The ACT and SAT: A Broken System

COVID-19 has further highlighted the inequalities of the standardized testing system.


Caroline Pugsley, Copy Editor

When applying to college, standardized tests have long been a requirement for applications. However, in the face of COVID-19, almost every college has accounted for the circumstances, declaring their admissions process “test-optional.” Universities are estimating that only about 15% or less of the applicants will send test scores. “The majority of applications will not include test scores is our prediction,” says Admission Representative from Chapman University. Some schools have even become “test blind,” meaning that they will not take into consideration the standardized test scores.

This situation is very complex and everyone is trying to do what is best for themselves. As an individualistic society, American students have taken the mindset that they will do whatever they can to be the most successful in the college application process.

With private tutors, taking practice tests, and other forms of preparing for the ACT or SAT, test-taking is time-consuming. This is all while writing college essays and keeping up with schoolwork, making these tests yet another large addition to the college stress. This year the anxiety is even higher, as many seniors are facing the risk of studying for a test that will just be canceled, especially as a California student. Thus, O’Dowd students have even traveled to other destinations in the U.S. such as Arizona, Utah, and Idaho, all states where the coronavirus regulations are not as strict.

Alex Davis ’21 took the ACT in San Francisco saying, “It was weird to see so many people in the same room. Wearing a mask the entire time was also annoying, but it did not seem to bother me too much while taking the test.”

It is interesting to see the opportunities that are not available to all students. The UC’s main controversy in accepting test scores is that not everyone has the same access to test sites. Families are not willing or able to buy a plane ticket to another state or city. Moreover, the tests were already inaccessible pre-COVID, as many families cannot pay for a private tutor. There are many restrictive factors that some students can overcome, while others can not.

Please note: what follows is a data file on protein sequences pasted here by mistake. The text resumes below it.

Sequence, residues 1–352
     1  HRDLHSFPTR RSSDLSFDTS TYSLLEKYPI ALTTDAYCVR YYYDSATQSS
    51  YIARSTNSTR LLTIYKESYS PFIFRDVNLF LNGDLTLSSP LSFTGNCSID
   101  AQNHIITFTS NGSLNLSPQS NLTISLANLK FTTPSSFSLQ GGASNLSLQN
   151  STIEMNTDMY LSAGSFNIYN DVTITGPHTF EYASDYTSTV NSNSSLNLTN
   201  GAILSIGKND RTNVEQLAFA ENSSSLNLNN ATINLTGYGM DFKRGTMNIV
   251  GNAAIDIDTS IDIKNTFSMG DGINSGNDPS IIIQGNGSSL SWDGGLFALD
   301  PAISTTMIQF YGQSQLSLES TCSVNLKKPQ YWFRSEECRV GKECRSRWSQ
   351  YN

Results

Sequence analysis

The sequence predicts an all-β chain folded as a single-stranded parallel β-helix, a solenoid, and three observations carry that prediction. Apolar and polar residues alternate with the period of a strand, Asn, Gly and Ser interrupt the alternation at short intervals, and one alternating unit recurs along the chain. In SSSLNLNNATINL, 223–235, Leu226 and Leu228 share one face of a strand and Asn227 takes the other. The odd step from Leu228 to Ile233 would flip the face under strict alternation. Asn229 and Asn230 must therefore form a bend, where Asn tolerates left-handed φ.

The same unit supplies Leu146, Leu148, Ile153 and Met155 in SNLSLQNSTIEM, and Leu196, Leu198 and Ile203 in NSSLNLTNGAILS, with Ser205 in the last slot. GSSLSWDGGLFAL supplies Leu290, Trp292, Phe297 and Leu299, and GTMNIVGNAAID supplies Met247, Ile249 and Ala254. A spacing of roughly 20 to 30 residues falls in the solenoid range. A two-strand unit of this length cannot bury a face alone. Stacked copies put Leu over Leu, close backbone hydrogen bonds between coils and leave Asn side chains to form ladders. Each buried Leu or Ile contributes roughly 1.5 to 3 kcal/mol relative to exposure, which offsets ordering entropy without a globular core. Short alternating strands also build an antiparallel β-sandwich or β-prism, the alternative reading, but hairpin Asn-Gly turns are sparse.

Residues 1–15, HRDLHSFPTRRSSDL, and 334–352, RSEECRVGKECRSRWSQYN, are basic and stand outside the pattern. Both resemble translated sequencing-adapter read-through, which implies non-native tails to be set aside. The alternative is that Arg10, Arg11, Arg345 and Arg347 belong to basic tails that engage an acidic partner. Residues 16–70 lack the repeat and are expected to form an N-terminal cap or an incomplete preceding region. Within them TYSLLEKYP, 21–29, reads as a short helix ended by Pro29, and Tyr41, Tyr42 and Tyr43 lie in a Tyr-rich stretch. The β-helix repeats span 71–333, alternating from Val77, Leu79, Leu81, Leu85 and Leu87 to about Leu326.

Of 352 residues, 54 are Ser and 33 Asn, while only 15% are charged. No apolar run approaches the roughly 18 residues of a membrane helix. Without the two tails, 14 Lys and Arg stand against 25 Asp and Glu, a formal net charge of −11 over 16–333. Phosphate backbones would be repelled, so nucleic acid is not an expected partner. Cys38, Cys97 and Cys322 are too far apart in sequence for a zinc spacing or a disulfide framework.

COVID-19 has very much highlighted the injustices of our world within every aspect, including the competitiveness of the ACT and SAT. These standardized tests have made it so that instead of focusing on intelligence, they have begun to call attention to social and economic disparities. According to the Washington Post, “students from families earning more than $200,000 a year average a combined score of 1714, while students from families earning under $20,000 a year average a combined score of 1326.”

As colleges make the decision of whether or not to require or even allow test scores, it ultimately comes down to the discussion of what is just. Colleges all over the U.S. strive to create the most inclusive and accepting communities and this pandemic has emphasized that standardized tests do not meet these criteria.

Colleges are now moving towards accepting students based on personal essays and grades, as they are a better reflection of their character, rather than a subjective test score. The University of Oregon is an example of a school that went “test-optional” even before the pandemic due to these inequalities.

COVID-19 did not create the issues with these tests, they just further revealed the deep-rooted injustices. Even when times go back to normal, it is rare that these tests will be as important as they once were. It has highlighted the inequities within the education and college admissions system. For now, however, students should choose what they feel is best and just.